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Worth A Look: 43.48%
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Total Crap: 8.7%

2 reviews, 11 user ratings

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Dog Problem, The
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by Erik Childress

"Scott Caan Is 2-For-2 As Writer/Director. And He's Getting Better."
4 stars

SCREENED AT THE 2006 TORONTO INTERNATIONAL FILM FESTIVAL: What is it about dogs that make them man’s best friend? Is it the kinship we find in the species we are often associated with? The dual nature of the creature being the one most likely to eat, poop and sleep in their domain while contributing little else yet remain the most loyal. Or maybe they’re just so damn cute to resist no matter how many brown stains they drop on our carpets. Scott Caan has played more than a few dogs on his acting resume and he plays another one here; but one taking a backseat to the immediate charms of his second writing and directing effort that provides further evolution to his career.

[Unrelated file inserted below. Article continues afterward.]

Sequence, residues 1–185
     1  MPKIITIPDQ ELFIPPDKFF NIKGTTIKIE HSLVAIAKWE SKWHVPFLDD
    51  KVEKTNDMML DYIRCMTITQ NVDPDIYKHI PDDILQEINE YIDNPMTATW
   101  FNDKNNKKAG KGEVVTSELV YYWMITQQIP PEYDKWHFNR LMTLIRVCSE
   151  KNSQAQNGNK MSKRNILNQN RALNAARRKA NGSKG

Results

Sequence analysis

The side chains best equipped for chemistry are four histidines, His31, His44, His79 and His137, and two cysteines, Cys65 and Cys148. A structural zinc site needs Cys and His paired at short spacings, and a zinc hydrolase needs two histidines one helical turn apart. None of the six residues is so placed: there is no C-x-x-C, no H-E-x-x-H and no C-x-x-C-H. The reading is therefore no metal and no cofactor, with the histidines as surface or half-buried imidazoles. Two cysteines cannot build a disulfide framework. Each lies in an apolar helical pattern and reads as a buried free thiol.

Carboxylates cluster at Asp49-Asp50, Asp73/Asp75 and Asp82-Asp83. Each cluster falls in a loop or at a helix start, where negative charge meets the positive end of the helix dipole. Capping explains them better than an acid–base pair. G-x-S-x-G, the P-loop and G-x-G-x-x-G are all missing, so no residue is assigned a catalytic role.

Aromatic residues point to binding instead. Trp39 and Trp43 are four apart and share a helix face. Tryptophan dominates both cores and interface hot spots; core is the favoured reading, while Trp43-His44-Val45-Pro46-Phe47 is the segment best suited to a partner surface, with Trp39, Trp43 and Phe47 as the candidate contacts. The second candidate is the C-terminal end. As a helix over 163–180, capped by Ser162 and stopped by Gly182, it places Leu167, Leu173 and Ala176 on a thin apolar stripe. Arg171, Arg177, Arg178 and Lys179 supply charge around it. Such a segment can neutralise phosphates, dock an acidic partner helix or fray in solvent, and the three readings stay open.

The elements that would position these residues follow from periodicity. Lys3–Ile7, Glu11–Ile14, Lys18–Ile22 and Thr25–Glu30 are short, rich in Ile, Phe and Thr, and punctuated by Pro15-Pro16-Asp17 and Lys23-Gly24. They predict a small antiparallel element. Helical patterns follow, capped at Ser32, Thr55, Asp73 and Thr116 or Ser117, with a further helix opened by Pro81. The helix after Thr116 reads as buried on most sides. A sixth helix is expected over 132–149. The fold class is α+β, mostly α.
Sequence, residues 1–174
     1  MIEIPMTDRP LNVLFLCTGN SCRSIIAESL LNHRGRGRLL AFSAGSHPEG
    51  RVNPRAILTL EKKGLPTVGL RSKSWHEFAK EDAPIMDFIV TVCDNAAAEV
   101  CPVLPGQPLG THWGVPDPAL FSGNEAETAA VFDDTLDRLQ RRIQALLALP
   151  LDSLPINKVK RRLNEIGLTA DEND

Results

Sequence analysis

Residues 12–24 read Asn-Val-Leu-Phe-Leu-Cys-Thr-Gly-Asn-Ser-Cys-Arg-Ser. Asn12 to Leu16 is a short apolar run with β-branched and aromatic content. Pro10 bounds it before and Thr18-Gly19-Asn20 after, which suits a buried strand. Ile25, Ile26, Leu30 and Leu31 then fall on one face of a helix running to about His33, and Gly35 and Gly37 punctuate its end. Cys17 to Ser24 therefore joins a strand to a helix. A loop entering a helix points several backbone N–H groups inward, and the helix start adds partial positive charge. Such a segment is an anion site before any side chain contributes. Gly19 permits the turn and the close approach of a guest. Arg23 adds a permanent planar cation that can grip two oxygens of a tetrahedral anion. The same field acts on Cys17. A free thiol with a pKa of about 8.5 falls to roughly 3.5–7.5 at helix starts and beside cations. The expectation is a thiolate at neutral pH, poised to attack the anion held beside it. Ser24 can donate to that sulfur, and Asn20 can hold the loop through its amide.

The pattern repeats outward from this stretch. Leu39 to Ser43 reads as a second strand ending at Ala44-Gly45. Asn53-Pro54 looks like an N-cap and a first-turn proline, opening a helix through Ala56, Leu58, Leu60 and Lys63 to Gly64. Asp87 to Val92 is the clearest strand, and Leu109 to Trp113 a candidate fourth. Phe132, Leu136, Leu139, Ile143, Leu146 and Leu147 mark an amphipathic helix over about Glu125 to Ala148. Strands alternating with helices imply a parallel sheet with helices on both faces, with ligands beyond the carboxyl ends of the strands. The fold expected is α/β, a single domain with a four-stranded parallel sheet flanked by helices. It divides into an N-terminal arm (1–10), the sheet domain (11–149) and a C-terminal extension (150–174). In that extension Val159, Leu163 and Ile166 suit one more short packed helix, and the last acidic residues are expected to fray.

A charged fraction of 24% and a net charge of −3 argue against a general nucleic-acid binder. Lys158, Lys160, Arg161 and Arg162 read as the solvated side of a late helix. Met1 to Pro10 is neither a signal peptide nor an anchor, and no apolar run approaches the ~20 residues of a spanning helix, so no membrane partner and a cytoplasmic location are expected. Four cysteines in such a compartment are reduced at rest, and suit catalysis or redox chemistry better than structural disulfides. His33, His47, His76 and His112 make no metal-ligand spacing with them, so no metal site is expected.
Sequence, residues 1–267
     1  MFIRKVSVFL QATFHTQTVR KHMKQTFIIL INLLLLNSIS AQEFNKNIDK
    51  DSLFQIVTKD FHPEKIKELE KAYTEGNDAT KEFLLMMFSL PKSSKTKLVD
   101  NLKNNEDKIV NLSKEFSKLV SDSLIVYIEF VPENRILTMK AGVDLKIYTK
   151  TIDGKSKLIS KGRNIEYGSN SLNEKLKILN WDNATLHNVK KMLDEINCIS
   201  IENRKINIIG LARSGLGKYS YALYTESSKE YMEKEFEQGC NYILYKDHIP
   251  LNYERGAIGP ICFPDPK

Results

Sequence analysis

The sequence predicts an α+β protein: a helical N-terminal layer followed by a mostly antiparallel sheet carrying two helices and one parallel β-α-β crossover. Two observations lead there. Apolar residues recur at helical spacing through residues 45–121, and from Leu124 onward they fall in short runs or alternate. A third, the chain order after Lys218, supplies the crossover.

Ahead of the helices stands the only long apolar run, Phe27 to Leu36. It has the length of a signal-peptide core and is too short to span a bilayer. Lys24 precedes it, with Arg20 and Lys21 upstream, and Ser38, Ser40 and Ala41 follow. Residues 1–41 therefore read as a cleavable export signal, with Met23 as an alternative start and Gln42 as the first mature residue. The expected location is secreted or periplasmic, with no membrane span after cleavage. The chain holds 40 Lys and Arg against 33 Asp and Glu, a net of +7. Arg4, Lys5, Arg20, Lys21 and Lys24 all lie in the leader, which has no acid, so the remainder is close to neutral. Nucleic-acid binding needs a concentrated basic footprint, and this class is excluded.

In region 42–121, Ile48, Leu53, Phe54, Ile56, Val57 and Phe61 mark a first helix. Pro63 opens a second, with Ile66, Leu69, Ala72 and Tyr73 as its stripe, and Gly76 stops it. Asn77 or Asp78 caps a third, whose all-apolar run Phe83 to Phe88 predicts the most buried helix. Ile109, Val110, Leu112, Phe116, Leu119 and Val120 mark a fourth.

Solo (Giovanni Ribisi) is precisely the kind of person that Los Angeles seems to produce with some regularity. He’s written a book, considered a failure by everyone including himself and is heavily in debt thanks to spending all his money on psychiatry. He’s so desperate for a connection to anything or anyone that he even buys his shrink (Don Cheadle) gifts which professionally he cannot accept. On what may be his final session, it is suggested that he get a pet to help cure his emotional closure. Solo is hapless at even this, bringing along his photog best friend, Casper (Scott Caan) along to make the choice only to watch him chase down a hot girl on the escalator.